By Seth Daniel
Boston Police are still investigating the death of a 69-year-old man hit and killed by a car on Albany Street last Thursday, July 7, near Thayer Street – but residents in the area say it’s a visible sign that enforcement and safety measures need to be stepped up immediately.
Around 6:05 p.m., police said the man was hit and transported to Boston Medical Center by Boston EMS. He died shortly after arriving at the hospital.
“The driver did stop and no charges are sought at this time, but the investigation is still ongoing,” said spokeswoman for the police.
The identity of the victim was not released.
The fatal accident did trigger some reaction from members of the Old Dover Neighborhood Association, which covers that area of the South End.
Old Dover has been very active in talking with the City about bicycle and pedestrian safety in its boundaries, particularly due to the large amount of construction going on in the area and further up in the Ink Block and Harrison Avenue sections.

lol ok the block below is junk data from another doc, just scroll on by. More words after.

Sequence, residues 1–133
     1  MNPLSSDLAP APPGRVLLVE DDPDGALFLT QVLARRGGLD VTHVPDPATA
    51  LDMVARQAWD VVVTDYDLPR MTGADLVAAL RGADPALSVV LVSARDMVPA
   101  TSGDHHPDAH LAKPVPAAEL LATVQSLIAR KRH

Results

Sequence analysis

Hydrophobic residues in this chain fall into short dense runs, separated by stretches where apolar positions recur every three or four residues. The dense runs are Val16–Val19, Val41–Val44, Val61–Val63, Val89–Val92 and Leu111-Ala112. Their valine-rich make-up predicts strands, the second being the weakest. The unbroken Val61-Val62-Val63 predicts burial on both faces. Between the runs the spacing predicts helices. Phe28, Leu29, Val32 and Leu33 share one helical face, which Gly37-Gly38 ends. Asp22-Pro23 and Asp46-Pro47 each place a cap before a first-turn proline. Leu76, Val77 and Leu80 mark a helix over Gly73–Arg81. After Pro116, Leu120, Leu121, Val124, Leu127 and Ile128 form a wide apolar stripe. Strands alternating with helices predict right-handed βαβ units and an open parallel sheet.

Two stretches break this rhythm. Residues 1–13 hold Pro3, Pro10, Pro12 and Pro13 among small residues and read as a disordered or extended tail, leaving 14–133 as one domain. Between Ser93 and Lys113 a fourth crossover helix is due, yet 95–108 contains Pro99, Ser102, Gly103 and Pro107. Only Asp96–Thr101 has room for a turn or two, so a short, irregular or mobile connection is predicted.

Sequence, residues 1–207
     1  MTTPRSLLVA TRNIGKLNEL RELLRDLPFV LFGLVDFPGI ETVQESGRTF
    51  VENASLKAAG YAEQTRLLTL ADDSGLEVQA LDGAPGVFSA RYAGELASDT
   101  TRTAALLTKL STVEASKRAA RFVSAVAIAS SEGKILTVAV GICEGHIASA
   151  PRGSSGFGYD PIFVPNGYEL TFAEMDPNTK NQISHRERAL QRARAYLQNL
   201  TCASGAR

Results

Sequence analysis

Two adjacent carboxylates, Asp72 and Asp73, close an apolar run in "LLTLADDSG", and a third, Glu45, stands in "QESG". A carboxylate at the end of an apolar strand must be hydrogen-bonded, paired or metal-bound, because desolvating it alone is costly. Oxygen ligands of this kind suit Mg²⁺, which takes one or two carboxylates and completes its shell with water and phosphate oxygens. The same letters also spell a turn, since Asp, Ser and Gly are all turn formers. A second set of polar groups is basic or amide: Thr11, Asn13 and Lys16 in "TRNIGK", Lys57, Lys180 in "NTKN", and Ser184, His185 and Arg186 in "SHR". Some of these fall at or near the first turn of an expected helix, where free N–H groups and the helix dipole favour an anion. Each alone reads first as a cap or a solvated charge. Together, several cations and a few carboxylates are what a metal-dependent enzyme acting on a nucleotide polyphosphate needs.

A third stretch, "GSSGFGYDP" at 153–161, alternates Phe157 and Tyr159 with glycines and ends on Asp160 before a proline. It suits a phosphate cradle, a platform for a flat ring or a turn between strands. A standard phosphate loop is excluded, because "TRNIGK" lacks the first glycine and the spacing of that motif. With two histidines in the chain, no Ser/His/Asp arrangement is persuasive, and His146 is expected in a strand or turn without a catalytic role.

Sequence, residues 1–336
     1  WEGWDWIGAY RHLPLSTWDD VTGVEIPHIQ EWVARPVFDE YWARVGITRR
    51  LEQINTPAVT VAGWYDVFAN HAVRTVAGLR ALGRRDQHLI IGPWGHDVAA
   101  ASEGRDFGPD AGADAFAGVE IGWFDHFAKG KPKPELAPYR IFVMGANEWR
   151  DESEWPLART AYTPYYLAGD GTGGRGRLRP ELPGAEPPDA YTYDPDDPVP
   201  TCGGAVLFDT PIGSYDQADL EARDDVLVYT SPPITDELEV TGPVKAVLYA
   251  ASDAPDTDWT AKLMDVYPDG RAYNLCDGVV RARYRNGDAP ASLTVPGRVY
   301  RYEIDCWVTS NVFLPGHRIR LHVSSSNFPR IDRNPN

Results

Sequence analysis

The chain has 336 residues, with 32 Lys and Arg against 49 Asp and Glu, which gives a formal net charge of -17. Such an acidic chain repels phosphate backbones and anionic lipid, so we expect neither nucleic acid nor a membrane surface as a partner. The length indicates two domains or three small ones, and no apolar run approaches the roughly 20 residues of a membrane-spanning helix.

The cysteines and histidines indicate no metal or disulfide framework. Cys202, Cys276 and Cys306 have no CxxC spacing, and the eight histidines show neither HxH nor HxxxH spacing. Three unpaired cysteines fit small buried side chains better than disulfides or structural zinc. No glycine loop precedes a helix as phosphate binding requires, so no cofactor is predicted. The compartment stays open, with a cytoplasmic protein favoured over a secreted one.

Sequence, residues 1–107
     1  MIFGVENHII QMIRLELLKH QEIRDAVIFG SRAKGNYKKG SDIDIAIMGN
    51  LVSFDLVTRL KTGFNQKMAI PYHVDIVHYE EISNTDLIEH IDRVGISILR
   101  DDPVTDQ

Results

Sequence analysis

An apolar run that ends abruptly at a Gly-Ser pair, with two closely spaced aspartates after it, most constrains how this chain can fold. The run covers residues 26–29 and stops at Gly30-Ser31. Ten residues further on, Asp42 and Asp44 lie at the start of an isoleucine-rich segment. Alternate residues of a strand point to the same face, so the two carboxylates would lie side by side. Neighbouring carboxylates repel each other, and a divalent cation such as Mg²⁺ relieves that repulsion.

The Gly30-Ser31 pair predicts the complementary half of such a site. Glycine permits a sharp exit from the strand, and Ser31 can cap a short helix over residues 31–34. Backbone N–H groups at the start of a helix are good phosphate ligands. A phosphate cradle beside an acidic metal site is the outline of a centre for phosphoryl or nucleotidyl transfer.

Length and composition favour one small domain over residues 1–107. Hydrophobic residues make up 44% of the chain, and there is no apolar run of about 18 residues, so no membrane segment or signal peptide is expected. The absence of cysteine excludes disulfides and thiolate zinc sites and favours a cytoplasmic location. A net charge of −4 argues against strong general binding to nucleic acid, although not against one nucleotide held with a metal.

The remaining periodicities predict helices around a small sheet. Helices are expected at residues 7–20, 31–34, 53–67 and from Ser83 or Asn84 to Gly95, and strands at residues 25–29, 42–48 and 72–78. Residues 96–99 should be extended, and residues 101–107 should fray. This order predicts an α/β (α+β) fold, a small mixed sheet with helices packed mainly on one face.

“Every day I try to cross in crosswalks on Harrison, Washington and Tremont and 90 percent of the time the drivers refuse to stop for pedestrians,” said Ken Smith, president of Old Dover. “I have witnessed them not stop for mothers with baby carriages. Often times they are heading to a red light. This has become an egregious situation as it is a public safety issue and more people are at risk for accidents and deaths. The solution is more enforcement. Without enforcement and consequences, such as the $200 fine stated on the crosswalks, then drivers will never embrace adhering to this law and we pedestrians will not be safe.”
Members of the New York Streets Neighborhood Association had no specific comment, but said they have great concerns about pedestrian safety in their area, particularly on Harrison Avenue and on Traveler Street.
They said they might consider calling for a meeting with Boston Transportation Department (BTD) in the near future as there are so many accidents and near-misses now.
BTD said they are aware of the pedestrian issues all over the city, which is why they launched Vision Zero recently on Massachusetts Avenue. The hope it to take the program citywide and create safer streets for all users, including pedestrians.
“There is a comprehensive traffic management plan in effect for all construction projects in the area,” read the statement. “Protecting pedestrian and traffic safety on our local street system during construction is the key focus of these plans. In addition, the City of Boston’s Vision Zero Task Force works to ensure that Boston’s local streets are safe and functional for all users.”